It’s stated that the most amazing moments during your pregnancy journey is the movements of your baby moving in your body - it’s called “Quickening”.
One of the most magical and memorable moments of a woman’s pregnancy is feeling the baby move for the first time, an event referred to as quickening. Although your baby has been wriggling around since about the ninth week, he or she has been too small for you to feel. But as he or she grows larger and starts running out of room those wiggles and kicks strike the walls of your uterus and become noticeable to you, usually between the 14th and 26th weeks of your pregnancy.
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If this is your first pregnancy, you may begin feeling your baby a little later than more experienced moms, often not until 18 to 22 weeks. Veteran moms tend to feel their baby’s movements earlier because their uterine muscles are not as tight as a first-time mom’s, making them more sensitive to the baby’s kicks. First time moms also may mistake those first soft, fluttery kicks for gas or digestion, while second- or third-time moms know the difference. Women with smaller frames or who are slim may also feel their baby’s movements earlier than those with larger frames or who are overweight.
It is difficult to tell a first-time mom-to-be exactly what their baby’s movements will feel like because it's different for every woman. However, those early kicks may feel fluttery or like a light tapping. As you progress, the movements will intensify into firm kicks, elbow jabs, and a swishy or sloshy feeling when your baby moves its arms and legs at the same time. If you feel like you’ve become a personal punching bag, keep in mind that an active baby is a healthy baby.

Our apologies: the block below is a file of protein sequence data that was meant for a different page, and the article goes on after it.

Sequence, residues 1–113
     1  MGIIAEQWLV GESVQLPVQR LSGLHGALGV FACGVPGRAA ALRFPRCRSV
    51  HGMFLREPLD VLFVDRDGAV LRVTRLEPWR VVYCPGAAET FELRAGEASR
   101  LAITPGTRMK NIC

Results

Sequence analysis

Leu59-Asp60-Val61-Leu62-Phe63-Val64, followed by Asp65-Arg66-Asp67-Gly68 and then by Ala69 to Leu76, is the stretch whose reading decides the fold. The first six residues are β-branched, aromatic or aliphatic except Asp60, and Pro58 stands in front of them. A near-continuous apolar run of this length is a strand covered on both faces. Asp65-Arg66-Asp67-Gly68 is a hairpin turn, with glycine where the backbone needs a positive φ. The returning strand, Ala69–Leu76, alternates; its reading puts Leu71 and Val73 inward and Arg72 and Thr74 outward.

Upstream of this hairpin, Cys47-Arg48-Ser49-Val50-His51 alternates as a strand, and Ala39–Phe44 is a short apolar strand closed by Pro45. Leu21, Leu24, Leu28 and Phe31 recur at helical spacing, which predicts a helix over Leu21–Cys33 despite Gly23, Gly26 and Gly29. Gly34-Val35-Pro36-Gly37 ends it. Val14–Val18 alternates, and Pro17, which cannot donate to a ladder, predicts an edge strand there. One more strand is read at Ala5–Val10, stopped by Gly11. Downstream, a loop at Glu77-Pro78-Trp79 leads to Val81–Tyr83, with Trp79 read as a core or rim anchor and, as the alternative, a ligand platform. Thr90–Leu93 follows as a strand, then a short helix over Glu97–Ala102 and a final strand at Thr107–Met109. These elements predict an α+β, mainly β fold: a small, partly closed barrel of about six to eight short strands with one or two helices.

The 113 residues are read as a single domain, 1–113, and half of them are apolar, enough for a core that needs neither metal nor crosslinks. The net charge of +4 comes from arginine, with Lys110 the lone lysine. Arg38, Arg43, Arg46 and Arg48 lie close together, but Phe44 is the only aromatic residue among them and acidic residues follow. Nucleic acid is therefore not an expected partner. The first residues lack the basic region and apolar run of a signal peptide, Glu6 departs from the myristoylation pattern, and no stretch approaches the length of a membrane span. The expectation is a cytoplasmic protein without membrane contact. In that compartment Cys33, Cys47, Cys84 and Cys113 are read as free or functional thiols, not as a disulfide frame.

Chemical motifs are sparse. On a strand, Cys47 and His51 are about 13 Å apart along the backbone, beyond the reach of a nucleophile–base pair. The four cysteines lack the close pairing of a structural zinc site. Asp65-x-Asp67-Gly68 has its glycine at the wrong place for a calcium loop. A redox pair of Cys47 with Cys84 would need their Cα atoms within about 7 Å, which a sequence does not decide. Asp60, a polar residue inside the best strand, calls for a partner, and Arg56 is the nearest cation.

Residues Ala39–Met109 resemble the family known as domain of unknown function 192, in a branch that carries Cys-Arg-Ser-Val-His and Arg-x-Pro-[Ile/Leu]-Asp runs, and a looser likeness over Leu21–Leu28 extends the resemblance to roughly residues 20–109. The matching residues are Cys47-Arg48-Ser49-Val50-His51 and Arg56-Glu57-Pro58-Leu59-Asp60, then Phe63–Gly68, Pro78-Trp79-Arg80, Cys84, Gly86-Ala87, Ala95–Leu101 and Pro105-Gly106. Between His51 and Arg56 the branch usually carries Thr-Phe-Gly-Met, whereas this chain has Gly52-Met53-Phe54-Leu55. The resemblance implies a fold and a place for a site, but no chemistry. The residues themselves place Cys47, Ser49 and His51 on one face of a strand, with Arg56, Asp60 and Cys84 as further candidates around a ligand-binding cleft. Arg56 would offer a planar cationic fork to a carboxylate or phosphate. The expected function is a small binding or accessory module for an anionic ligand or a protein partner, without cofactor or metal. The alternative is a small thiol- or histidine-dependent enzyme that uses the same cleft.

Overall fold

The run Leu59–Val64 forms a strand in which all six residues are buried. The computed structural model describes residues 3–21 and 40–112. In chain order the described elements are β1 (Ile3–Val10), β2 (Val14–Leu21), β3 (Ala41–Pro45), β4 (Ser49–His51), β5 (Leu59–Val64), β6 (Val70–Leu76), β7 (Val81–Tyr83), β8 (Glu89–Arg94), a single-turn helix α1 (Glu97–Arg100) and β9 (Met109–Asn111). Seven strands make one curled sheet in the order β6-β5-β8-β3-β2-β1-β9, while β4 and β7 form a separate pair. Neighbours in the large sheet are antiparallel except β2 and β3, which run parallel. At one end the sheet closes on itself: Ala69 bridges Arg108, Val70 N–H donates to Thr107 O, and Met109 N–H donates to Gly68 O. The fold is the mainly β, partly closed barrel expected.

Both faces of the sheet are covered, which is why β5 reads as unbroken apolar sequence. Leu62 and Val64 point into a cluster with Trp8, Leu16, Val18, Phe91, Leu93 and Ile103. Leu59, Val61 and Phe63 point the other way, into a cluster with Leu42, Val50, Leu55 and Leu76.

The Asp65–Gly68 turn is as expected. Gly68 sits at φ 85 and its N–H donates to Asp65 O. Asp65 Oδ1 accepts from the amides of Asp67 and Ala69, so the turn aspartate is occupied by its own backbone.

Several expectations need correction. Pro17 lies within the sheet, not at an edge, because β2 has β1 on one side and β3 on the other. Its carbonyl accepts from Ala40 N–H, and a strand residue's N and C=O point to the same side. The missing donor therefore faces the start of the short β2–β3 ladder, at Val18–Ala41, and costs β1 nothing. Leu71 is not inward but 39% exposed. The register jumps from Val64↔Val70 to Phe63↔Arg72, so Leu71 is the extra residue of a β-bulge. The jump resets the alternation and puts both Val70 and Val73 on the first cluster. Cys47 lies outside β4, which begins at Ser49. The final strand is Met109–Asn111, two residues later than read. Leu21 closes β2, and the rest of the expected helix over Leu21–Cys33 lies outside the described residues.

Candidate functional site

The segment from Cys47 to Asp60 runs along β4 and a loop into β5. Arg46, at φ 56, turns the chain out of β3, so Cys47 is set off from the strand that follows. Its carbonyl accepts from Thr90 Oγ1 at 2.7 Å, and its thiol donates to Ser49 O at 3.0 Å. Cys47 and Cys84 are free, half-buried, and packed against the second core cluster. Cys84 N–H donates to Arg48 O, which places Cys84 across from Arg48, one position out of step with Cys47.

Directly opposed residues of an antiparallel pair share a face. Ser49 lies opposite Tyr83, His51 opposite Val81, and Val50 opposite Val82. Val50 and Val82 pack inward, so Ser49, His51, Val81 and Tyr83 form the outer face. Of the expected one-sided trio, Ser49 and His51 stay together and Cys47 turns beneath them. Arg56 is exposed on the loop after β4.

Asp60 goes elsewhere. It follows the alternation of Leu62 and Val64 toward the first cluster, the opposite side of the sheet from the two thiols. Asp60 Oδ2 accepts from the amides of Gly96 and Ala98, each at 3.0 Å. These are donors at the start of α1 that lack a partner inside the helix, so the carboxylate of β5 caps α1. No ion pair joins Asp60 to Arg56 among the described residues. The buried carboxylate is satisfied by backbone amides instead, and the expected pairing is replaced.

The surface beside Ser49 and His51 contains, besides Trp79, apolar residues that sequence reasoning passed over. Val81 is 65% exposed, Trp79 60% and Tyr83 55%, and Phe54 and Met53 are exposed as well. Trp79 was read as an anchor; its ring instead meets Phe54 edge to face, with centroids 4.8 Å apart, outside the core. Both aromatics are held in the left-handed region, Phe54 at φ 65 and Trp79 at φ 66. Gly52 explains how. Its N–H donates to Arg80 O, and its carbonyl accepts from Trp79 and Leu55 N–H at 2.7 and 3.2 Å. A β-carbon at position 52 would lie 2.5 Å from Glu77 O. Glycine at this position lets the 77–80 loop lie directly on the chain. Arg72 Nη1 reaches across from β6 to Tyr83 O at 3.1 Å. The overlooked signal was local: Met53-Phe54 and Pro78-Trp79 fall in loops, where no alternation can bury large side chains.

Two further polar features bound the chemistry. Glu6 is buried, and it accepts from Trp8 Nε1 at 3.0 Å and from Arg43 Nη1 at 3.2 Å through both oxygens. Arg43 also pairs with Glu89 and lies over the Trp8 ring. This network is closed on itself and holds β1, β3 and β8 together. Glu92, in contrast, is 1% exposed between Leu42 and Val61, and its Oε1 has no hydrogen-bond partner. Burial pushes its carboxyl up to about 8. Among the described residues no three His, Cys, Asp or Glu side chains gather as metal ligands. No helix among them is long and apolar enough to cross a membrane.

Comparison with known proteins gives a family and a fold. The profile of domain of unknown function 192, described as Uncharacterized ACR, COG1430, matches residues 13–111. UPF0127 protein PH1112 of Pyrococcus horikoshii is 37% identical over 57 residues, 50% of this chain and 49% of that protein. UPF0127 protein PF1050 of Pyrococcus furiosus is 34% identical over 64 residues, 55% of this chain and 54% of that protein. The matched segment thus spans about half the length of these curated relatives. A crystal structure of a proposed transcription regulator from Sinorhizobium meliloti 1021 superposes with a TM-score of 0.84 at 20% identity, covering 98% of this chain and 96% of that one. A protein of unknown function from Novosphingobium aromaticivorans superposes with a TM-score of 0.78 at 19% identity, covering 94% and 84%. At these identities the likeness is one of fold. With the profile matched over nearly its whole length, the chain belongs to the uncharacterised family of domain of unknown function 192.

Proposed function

When you first feel your baby move, the kicks and flutters may come only sporadically; however, as your pregnancy progresses, they should become increasingly strong and regular. Your baby may be very active one day and relatively quiet the next, but you should feel some movement every day. Many doctors and midwives recommend their patients count their baby’s movements at some point every day. There are many different methods used to keep track of fetal movements, but here’s a quick and easy one: Choose a time of day when your baby tends to be active, such as after a meal, or when you go to bed. (Try to count movements at roughly the same time each day.) Sit quietly or lie on your side so you won't get distracted. Time how long it takes for you to feel ten distinct movements — including kicks, twitches, and whole body movements. If you don't feel ten movements in two hours, stop counting and call your midwife or doctor.
Besides all those wonderful kicks and wiggles, your baby will probably have several cases of the hiccups before the whole nine months are over. . . yes, hiccups! Hiccups will feel different than kicking or movement and more like regular little spasms in your belly. Some babies get the hiccups several times a day, everyday, and maintain the same pattern after birth. Luckily, hiccups are not as uncomfortable for babies (in or out of the womb) as they are for adults, even if they last as long as 20 minutes. Once you get comfortable with the sensation of fetal hiccups, sit back, relax and enjoy the entertainment!